Will Mayor Landrieu’s vocal support of a federal takeover at the Orleans Parish Prison be the final encouragement Judge Lance Africk needs to pull the trigger on receivership? Gusman filed his response to the Justice Department’s complaint yesterday which basically said he had not been given enough time or resources to significantly address the many issues at hand.
Under receivership, the federal government will appoint a seasoned correctional official to administer violence and mismanagement issues. Gusman would continue to serve as Sheriff but his hands would basically be tied.
Caroline Zetzmann Calhoun, 2016 Whitney Bank Zoo To Do Chair, and her team of 400 volunteers serving on 15 committees have been working overtime for weeks to put the final touches on May 6th’s thirty-ninth annual extravaganza which will draw 5,000 attendees and benefit Audubon Zoo’s Tropical Bird House.
The culmination of a year’s worth of cajoling corporate donors, restaurants, bars, and other sponsors, this year’s gala is expected to raise $1.2 million and serve as the match for millions more in foundation, public and private sector gifts which form the basis of Audubon Institute’s almost $50 million annual budget.
The voters’ rejection of Mayor Landrieu’s tax proposal to fund additional police officers and pay firefighters’ back pensions was not a vote against the need for the tax but a clear sign of voter dissatisfaction and mistrust of Mayor Landrieu’s public safety policies and leadership. While the mayor obviously needs to address that anger, new sources of funding are still desperately needed if devastating cuts are to be avoided.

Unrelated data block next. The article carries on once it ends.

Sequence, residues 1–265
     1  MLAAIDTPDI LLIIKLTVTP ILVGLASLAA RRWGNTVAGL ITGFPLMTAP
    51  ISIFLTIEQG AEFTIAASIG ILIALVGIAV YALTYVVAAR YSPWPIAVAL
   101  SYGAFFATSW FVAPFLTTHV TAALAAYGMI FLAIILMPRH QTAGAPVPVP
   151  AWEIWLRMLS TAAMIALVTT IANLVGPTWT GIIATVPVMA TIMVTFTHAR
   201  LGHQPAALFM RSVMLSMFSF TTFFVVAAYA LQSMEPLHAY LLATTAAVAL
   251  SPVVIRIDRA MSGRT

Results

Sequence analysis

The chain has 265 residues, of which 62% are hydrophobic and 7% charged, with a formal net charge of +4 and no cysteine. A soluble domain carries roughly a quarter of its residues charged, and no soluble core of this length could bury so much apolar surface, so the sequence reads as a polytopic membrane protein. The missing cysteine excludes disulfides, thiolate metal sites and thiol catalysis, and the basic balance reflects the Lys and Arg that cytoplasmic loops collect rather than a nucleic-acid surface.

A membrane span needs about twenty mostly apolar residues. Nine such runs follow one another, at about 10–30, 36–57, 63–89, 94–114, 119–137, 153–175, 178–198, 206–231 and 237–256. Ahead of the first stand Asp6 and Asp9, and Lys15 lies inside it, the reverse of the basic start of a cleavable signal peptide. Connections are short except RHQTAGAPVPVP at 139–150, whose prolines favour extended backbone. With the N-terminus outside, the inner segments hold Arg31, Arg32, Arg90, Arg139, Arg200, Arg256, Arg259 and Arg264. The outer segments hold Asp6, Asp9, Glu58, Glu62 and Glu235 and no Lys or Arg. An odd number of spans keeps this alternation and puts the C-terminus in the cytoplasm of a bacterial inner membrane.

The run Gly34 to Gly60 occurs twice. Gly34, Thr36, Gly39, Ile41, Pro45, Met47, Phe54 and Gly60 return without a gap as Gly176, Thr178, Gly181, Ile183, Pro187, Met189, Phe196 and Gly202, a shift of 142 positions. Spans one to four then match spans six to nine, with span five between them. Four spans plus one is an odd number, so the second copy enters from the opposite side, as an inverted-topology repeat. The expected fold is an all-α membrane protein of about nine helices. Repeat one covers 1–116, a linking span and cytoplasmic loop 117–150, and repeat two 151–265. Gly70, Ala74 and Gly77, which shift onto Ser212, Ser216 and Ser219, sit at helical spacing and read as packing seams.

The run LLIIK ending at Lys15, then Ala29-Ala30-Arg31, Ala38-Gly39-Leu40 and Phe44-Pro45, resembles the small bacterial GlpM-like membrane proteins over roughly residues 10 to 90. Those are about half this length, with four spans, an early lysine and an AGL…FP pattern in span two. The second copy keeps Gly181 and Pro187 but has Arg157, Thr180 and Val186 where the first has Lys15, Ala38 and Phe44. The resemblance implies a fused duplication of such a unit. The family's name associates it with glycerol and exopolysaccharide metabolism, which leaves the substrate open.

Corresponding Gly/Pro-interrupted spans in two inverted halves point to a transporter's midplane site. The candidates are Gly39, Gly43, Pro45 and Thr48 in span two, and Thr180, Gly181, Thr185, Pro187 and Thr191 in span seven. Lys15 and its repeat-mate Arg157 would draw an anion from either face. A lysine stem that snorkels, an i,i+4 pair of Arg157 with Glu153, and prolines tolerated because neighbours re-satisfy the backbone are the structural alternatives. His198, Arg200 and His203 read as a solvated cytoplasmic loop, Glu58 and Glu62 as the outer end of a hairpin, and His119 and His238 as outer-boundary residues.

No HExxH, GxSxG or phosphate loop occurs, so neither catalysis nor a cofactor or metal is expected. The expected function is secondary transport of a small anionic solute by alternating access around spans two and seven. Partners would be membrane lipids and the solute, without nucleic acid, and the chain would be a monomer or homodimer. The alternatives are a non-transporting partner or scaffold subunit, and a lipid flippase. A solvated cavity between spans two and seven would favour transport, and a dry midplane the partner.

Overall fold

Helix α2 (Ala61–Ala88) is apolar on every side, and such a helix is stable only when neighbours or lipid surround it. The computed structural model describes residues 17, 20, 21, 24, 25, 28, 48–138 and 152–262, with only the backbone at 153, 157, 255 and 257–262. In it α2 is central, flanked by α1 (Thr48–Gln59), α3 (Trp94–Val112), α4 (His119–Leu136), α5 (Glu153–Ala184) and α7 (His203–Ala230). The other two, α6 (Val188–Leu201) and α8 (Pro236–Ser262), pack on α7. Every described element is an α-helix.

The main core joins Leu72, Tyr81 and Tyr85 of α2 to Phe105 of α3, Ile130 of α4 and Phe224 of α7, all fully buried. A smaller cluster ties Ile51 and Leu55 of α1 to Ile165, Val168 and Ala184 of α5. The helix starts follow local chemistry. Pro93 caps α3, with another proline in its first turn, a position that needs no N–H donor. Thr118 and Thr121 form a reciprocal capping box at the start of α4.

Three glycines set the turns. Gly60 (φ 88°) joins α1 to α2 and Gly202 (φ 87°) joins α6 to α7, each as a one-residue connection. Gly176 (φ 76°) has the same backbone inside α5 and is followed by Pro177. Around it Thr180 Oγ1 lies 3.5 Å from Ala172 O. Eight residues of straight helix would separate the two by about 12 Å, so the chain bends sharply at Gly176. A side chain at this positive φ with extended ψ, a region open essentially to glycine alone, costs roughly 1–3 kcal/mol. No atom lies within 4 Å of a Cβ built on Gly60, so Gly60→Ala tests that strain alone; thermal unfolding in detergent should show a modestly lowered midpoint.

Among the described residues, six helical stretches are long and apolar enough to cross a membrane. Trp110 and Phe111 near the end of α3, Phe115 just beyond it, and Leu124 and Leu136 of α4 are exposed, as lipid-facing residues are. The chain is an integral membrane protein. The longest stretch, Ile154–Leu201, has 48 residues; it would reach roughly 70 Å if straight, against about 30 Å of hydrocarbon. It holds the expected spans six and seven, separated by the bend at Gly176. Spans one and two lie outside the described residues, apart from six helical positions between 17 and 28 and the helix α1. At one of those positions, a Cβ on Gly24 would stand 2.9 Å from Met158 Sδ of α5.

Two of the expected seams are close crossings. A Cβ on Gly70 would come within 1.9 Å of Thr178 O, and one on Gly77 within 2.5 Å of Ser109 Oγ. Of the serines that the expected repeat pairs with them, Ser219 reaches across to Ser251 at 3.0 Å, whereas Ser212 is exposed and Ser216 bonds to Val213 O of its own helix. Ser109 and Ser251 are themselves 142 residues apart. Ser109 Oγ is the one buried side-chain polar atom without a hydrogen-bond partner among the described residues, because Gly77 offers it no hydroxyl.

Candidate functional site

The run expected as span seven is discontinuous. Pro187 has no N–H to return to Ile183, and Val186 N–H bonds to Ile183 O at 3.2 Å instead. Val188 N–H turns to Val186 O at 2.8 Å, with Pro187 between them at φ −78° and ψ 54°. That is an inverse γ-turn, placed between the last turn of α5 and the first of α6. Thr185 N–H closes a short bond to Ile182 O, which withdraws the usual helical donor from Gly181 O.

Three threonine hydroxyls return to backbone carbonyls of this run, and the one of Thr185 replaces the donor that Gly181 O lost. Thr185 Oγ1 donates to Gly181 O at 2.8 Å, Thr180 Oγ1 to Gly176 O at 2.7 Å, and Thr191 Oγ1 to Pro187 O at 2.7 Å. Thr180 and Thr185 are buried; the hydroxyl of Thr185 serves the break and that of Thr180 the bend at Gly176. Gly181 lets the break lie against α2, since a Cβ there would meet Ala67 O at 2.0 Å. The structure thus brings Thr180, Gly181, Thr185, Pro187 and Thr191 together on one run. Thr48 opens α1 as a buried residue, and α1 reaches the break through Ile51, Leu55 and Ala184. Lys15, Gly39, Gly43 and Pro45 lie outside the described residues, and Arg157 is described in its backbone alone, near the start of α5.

Landrieu and the City Council could shore up our tax base by ensuring New Orleans becomes the next American city to enact a tax on sugar-sweetened beverages. A “sin tax” on the purchase of carbonated soft drinks is on the books in many countries around the world including France, Barbados and Mexico, where consumption of sodas declined after the tax was enacted.
Now serving his eleventh year as Orleans Parish’s top jailer, Marlin Gusman could easily be called the “Teflon Man”. Whether being attacked by the Legislative Auditor, Federal Judge Lance Africk, the consent decree monitors, Mayor Landrieu, the City Council or even the VOTE (Voice of The Ex-Offender) organization, the criticisms just roll off him.
Based on the past week’s nasty exchange between Donald Trump and Ted Cruz about their respective wives, do the Republican presidential candidates really think of women as “objects to ogle or protect” as a New York Times columnist suggested? Or do the GOP contenders recognize female voters to be the savvy constituency that will decide the outcome of this year’s presidential race?
OPSB Superintendent Dr. Henderson Lewis sent a letter to central office staff this week who were not eliminated in the first round of staff changes last summer advising them that more cuts were on the way but that they could apply for jobs remaining, if they were qualified. Even the current principals were told that their re-employment was not certain. Staff members are bracing for these inevitable changes, which will likely occur during the summer months.